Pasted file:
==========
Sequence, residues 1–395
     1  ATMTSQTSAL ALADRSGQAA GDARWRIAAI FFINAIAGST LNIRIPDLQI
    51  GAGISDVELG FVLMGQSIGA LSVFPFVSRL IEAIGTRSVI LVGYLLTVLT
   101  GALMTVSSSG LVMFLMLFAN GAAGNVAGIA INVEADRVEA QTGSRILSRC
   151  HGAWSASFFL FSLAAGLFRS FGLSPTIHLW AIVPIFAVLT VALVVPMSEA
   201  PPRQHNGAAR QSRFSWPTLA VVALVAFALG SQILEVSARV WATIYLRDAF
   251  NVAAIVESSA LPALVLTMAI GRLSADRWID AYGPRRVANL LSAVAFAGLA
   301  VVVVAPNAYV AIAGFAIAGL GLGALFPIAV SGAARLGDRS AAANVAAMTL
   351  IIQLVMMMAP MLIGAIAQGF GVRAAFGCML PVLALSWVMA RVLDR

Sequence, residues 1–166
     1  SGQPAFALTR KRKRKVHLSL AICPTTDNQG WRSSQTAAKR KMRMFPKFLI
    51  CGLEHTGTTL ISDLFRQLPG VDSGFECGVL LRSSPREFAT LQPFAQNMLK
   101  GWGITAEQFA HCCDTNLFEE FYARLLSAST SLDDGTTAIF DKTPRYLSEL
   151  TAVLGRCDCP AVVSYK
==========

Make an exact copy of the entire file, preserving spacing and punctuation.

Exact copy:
Sequence, residues 1–395
     1  ATMTSQTSAL ALADRSGQAA GDARWRIAAI FFINAIAGST LNIRIPDLQI
    51  GAGISDVELG FVLMGQSIGA LSVFPFVSRL IEAIGTRSVI LVGYLLTVLT
   101  GALMTVSSSG LVMFLMLFAN GAAGNVAGIA INVEADRVEA QTGSRILSRC
   151  HGAWSASFFL FSLAAGLFRS FGLSPTIHLW AIVPIFAVLT VALVVPMSEA
   201  PPRQHNGAAR QSRFSWPTLA VVALVAFALG SQILEVSARV WATIYLRDAF
   251  NVAAIVESSA LPALVLTMAI GRLSADRWID AYGPRRVANL LSAVAFAGLA
   301  VVVVAPNAYV AIAGFAIAGL GLGALFPIAV SGAARLGDRS AAANVAAMTL
   351  IIQLVMMMAP MLIGAIAQGF GVRAAFGCML PVLALSWVMA RVLDR

Sequence, residues 1–166
     1  SGQPAFALTR KRKRKVHLSL AICPTTDNQG WRSSQTAAKR KMRMFPKFLI
    51  CGLEHTGTTL ISDLFRQLPG VDSGFECGVL LRSSPREFAT LQPFAQNMLK
   101  GWGITAEQFA HCCDTNLFEE FYARLLSAST SLDDGTTAIF DKTPRYLSEL
   151  TAVLGRCDCP AVVSYK